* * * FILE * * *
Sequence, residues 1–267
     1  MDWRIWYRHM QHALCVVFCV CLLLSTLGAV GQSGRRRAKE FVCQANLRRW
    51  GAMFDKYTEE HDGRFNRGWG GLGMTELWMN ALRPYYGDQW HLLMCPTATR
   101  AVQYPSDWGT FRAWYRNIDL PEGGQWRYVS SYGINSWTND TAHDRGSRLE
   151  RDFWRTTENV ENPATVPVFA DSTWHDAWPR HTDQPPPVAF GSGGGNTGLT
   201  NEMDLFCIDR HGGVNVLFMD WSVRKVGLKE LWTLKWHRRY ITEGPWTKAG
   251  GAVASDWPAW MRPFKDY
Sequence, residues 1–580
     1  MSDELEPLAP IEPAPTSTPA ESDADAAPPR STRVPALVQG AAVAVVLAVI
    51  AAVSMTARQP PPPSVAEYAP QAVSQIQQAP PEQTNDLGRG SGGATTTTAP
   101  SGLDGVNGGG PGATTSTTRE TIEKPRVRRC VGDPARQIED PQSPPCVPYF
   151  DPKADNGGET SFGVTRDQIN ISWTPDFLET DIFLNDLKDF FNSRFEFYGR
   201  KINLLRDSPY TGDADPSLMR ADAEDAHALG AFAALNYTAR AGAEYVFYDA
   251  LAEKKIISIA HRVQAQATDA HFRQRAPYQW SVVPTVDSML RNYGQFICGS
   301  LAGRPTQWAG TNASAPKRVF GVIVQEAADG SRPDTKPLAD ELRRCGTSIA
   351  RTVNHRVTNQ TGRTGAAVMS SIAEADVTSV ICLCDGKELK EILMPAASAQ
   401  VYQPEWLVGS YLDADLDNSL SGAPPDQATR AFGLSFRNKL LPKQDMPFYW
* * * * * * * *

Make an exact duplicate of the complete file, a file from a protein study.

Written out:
Sequence, residues 1–267
     1  MDWRIWYRHM QHALCVVFCV CLLLSTLGAV GQSGRRRAKE FVCQANLRRW
    51  GAMFDKYTEE HDGRFNRGWG GLGMTELWMN ALRPYYGDQW HLLMCPTATR
   101  AVQYPSDWGT FRAWYRNIDL PEGGQWRYVS SYGINSWTND TAHDRGSRLE
   151  RDFWRTTENV ENPATVPVFA DSTWHDAWPR HTDQPPPVAF GSGGGNTGLT
   201  NEMDLFCIDR HGGVNVLFMD WSVRKVGLKE LWTLKWHRRY ITEGPWTKAG
   251  GAVASDWPAW MRPFKDY
Sequence, residues 1–580
     1  MSDELEPLAP IEPAPTSTPA ESDADAAPPR STRVPALVQG AAVAVVLAVI
    51  AAVSMTARQP PPPSVAEYAP QAVSQIQQAP PEQTNDLGRG SGGATTTTAP
   101  SGLDGVNGGG PGATTSTTRE TIEKPRVRRC VGDPARQIED PQSPPCVPYF
   151  DPKADNGGET SFGVTRDQIN ISWTPDFLET DIFLNDLKDF FNSRFEFYGR
   201  KINLLRDSPY TGDADPSLMR ADAEDAHALG AFAALNYTAR AGAEYVFYDA
   251  LAEKKIISIA HRVQAQATDA HFRQRAPYQW SVVPTVDSML RNYGQFICGS
   301  LAGRPTQWAG TNASAPKRVF GVIVQEAADG SRPDTKPLAD ELRRCGTSIA
   351  RTVNHRVTNQ TGRTGAAVMS SIAEADVTSV ICLCDGKELK EILMPAASAQ
   401  VYQPEWLVGS YLDADLDNSL SGAPPDQATR AFGLSFRNKL LPKQDMPFYW